Canadian economy added 246K jobs in August, unemployment rate 10.2%
The unemployment rate fell to 10.2% in August compared with 10.9% in July
OTTAWA — Statistics Canada says the economy added 246,000 in August as the pace of job gains slowed compared with July, when 419,000 jobs were added.
The figure marked the fourth consecutive month of gains from COVID-19 related lockdowns this spring, bringing the number to within 1.1 million of pre-pandemic levels.
Gains in August were largely concentrated in full-time work, which had been lagging behind gains in part-time employment.
Full-time work rose by 206,000 while the number of part-time workers rose by 40,000.
Full-time employment is now almost 6% away from pre-pandemic levels compared to the 3.9% shortfall in part-time work.
Employment also rose at a faster pace for women than men for the third straight month as Statistics Canada reported women gained about 150,000 positions in August compared with 96,000 for men.
As well, the number of Canadians working less than half their usual hours _ likely due to COVID-19 — fell by 14.6%. That leaves some 713,000 workers still working fewer hours, down from the 2.5 million peak in April.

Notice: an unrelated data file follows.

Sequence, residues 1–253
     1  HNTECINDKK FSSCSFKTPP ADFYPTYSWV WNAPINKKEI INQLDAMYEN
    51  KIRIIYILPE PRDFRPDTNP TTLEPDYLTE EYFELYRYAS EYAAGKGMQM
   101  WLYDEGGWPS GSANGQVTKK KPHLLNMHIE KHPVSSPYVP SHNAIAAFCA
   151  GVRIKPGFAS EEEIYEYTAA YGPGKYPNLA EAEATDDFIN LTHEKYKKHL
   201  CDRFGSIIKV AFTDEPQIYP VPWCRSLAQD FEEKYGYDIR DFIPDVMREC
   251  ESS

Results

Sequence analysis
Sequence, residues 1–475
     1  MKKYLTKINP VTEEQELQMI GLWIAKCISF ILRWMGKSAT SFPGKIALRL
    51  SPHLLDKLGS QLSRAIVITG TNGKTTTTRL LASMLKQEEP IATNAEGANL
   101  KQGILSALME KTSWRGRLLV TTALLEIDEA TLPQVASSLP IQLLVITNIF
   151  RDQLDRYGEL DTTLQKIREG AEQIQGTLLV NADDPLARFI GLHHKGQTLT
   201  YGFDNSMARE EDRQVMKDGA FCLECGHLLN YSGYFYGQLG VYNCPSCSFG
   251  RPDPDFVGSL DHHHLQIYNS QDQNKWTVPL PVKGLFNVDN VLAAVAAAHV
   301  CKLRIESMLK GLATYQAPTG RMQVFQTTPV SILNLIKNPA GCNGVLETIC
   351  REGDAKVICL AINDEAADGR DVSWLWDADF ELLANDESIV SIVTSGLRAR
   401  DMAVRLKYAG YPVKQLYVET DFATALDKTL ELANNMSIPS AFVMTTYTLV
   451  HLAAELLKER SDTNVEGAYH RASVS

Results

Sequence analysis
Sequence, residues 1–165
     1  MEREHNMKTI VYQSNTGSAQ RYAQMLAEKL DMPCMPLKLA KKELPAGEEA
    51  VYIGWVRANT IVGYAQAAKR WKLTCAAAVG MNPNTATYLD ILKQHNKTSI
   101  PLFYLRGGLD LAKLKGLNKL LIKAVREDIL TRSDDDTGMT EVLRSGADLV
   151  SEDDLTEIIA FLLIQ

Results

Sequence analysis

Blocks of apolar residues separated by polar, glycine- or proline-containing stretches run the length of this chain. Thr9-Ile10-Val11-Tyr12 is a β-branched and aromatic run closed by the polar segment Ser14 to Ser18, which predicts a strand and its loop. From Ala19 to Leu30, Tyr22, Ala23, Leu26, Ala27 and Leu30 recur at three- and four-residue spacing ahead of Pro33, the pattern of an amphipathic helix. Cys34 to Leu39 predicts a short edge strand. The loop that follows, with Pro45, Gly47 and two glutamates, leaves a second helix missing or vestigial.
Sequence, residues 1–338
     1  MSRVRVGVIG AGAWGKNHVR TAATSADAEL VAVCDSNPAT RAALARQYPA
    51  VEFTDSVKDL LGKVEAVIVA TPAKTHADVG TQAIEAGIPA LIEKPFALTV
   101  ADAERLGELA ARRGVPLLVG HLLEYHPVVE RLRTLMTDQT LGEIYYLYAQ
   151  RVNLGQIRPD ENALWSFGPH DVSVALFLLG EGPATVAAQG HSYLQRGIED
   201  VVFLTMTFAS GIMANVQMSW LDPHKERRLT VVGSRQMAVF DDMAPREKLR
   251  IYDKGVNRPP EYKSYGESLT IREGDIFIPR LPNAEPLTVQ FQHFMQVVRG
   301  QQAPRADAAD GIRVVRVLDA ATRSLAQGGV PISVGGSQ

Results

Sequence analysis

More Canadians headed into work instead of their home office, Statistics Canada says, noting that 300,000 fewer people worked from home while those working in other locations rose by almost 400,000.
The unemployment rate fell to 10.2% in August compared with 10.9% in July.
Economists were expecting a slightly higher gain of 275,000 jobs in August and an unemployment rate of 10.1%, according to financial data firm Refinitiv.
Statistics Canada says the unemployment rate in August would have been 13% had it included in calculations people who wanted a job, but didn’t look for work.
The unemployment rate was higher for racialized workers than non-racialized workers.
Statistics Canada says the rate, not seasonally adjusted, for Arab workers was 17.9%, followed by 17.6% for Black workers, and then 16.6% for those who identify as Southeast Asian.
The agency also says that employment among Indigenous people living off-reserve fell by 1.8% from July, compared with gains of 1.3% for non-Indigenous Canadians.
That left Indigenous people with an employment rate at 91.4% of February levels, compared to 96.7% for non-Indigenous Canadians, Statistics Canada says.